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Charlie loved to travel, he hiked all the peaks in the Adirondacks, and on his last trip to Paris he walked every street and described them vividly even though he could no longer see well. He went to Hawaii in the 1930s, visiting the islands by small boat and walking the islands a week at a time.

Charlie knew French like a native; the hotel clerk said he sounded like he came from South France. He could converse in at least six other languages and knew greetings and phrases in 10 or more languages.

He could quote from the Bible and had read it in Greek to understand it better.

He knew Shakespeare in the same detail as the Bible. He quoted poetry on any subject.

Charlie and his two brothers had a great interest in photography, both in taking pictures and developing them.

He would try eating anything from mushrooms in the woods to various kinds of worms and bugs. In his young days he varied his weight from 120 to 160 pounds to see what “felt” better. He also tried sleeping from 2 to 10 hours a night to find the ideal night’s sleep.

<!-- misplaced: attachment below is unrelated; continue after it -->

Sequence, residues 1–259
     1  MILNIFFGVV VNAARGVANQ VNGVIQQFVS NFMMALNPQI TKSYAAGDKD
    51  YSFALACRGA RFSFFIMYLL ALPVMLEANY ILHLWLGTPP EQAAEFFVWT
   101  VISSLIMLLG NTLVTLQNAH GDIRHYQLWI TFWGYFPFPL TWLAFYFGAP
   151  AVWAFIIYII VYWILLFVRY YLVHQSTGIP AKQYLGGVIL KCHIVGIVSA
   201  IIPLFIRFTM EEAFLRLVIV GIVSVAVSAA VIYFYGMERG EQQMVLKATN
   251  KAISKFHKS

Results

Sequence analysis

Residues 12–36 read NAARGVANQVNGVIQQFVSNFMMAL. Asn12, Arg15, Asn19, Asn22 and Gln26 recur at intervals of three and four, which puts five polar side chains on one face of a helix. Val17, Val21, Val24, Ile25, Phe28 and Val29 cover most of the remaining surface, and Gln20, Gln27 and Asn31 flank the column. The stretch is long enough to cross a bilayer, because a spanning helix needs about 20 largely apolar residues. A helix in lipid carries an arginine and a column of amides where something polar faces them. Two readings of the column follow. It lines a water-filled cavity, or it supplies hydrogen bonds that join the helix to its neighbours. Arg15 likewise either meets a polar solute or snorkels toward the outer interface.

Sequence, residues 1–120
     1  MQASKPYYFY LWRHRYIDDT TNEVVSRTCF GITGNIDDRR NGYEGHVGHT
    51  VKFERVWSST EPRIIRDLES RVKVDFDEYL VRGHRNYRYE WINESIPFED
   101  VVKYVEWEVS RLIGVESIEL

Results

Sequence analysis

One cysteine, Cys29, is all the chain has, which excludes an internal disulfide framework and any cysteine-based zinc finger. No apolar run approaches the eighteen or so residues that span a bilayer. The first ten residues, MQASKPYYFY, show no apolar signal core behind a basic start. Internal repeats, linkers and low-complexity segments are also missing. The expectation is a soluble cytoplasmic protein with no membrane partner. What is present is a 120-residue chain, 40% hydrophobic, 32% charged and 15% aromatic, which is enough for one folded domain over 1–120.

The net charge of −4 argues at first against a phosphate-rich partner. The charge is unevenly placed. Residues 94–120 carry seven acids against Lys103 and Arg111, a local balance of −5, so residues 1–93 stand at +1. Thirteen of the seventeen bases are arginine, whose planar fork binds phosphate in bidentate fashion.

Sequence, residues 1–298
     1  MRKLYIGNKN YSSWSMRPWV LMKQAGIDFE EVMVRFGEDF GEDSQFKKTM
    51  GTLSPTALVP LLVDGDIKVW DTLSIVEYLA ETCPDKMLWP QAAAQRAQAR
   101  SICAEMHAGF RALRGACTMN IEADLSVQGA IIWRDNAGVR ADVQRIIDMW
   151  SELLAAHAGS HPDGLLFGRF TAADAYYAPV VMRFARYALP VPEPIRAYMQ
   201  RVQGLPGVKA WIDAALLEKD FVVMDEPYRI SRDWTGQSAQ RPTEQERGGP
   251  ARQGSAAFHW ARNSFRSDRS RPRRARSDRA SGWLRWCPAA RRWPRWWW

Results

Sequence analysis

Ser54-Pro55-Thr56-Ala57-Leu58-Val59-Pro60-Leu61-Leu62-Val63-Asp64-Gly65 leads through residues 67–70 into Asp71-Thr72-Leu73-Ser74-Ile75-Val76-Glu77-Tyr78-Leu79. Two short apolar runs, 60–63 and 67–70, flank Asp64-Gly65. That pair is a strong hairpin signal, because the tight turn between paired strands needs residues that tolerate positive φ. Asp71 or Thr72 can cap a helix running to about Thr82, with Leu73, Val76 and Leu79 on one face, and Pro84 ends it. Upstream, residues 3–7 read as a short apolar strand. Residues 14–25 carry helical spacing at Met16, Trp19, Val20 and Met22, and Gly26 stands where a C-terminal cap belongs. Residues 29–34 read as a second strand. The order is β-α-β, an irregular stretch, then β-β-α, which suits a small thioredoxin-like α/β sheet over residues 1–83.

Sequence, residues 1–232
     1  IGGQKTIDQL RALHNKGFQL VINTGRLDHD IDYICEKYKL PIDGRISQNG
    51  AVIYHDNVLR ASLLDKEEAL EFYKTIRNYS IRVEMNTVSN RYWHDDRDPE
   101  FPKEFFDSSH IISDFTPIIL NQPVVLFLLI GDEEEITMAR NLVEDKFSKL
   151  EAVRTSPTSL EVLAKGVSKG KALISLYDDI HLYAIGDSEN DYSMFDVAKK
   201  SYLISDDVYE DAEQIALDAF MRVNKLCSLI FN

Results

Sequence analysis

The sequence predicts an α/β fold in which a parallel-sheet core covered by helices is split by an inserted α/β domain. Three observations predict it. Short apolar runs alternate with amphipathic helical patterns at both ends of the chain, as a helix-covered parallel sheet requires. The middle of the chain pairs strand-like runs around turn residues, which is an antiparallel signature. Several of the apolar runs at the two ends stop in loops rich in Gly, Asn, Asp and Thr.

We salute Charlie for an exceptionally gifted and giving life on earth. For those with strong beliefs in eternity of the spirit, I share a quote from Tagore, the famous Bengali poet-philosopher: “Death is not extinguishing the light but putting out the candle because the dawn has come.” And another quote from Rossiter Raymond: “Life is eternal and love is immortal and death is only a horizon, and a horizon is nothing save the limit of our sight.”

I thank Dick Schulz, Ed Owen, and Virginia Sulzberger for their help in supplying information on Charles Concordia’s life.

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